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One of the most influential writers of the

twentieth century, Franz Kafka penned novels

and short stories that portray the bewildered
alienation of modern society. His characters
frequently find themselves in threatening
situations for which there is no explanation and
from which there is no escape. Writing in the
Bookman, Edwin Muir found that "the four main ideas which run through Kafka's
work may be condensed into four axioms. The first two are that, compared with the
divine law, no matter how unjust it may sometimes appear to us, all human
effort, even the highest, is in the wrong; and that always whatever our minds
or our feelings may tell us, the claim of the divine law to unconditional reverence
and obedience is absolute. The other two are complementary: that there is a
right way of life, and that its discovery depends on one's attitude to
powers which are almost unknown."
In an article for the New Yorker, John Updike explained: "The century since Franz
Kafka was born has been marked by the idea of `modernism' a self-consciousness
new among centuries, a consciousness of being new. Sixty years after his death,
Kafka epitomizes one aspect of this modern mind-set: a sensation of anxiety and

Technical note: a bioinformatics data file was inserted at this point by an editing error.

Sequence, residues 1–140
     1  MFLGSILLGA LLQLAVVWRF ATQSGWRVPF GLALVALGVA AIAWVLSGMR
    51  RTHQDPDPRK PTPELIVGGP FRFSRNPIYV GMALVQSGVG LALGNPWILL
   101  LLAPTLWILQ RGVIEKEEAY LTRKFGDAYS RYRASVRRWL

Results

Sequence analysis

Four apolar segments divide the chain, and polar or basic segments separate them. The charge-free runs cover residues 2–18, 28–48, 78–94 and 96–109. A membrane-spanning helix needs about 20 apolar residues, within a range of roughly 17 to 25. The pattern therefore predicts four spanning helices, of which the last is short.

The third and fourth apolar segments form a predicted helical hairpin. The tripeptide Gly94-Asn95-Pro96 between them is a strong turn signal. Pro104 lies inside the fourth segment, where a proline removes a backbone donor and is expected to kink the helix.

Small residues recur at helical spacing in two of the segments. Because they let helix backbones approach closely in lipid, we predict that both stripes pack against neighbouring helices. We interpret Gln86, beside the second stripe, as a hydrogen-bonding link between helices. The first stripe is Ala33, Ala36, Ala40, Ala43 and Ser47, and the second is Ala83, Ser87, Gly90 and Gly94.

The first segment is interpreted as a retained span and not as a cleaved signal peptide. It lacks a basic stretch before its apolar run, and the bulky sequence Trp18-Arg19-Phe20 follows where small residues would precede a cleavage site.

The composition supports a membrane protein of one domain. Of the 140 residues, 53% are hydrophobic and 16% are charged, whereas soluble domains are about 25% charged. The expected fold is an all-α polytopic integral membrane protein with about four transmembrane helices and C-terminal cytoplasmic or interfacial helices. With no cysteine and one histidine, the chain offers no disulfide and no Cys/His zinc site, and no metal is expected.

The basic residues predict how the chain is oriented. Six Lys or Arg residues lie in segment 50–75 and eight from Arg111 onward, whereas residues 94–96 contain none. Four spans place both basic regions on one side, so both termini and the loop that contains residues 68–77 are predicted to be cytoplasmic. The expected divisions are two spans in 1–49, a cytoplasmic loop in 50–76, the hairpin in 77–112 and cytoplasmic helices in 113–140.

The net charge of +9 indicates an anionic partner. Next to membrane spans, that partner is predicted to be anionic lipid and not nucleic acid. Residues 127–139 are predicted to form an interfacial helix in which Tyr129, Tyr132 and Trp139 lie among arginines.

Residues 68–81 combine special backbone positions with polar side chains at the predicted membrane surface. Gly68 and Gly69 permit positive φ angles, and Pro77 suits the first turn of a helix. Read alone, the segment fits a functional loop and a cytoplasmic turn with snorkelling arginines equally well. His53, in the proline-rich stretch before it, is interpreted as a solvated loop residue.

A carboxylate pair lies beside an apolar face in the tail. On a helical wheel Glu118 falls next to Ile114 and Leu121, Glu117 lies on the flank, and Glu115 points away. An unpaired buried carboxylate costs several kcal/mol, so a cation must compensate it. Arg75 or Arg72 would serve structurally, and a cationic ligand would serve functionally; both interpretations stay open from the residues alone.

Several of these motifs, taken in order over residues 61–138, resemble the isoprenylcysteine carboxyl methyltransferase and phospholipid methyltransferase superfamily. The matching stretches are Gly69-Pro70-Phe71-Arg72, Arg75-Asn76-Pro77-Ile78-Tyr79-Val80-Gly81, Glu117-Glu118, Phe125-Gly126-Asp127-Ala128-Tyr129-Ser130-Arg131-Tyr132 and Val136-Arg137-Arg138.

shame whose center cannot be located and therefore cannot be placated; a sense
of an infinite difficulty within things, impeding every step; a sensitivity intense
beyond usefulness, as if the nervous system, flayed of its old hide of social usage
and religious belief, must record every touch as pain. In Kafka's peculiar and highly
original case, this dreadful quality is mixed with immense tenderness, oddly good
humor, and a certain severe and reassuring formality. The combination makes him
an artist; but rarely can an artist have struggled against greater inner resistance
and more sincere diffidence as to the worth of his art." Among Kafka's most-studied
works are the novels The Trial and The Castle and the short stories "The
Metamorphosis," "The Hunger Artist," and "In the Penal Colony."
Experiences social prejudice in early life
Kafka was born into a Jewish family in the city of Prague in 1883. Prague was a part
of the Austro-Hungarian Empire at that time, and Jews were expected to live apart
from gentiles (non-Jewish people) in a ghetto area. Kafka's father operated a dry
goods store in the ghetto, assisted by his wife, Kafka's mother. The elder Kafka's
domineering manner with his son led the boy to resent him. His mother tried to
intervene but, as Richard H. Lawson noted in the Dictionary of Literary Biography,
"she proved unable to mediate the estrangement between her brusque,
domineering husband and her quiet, tyrannized, oversensitive son." In 1901 Kafka
entered the Karl-Ferdinand University, an act in open defiance of his father, who
wished him to work in the family store. When he turned to the study of law,
however, Kafka met with his father's approval. During his college years he met his
close friend and future literary executor Max Brod.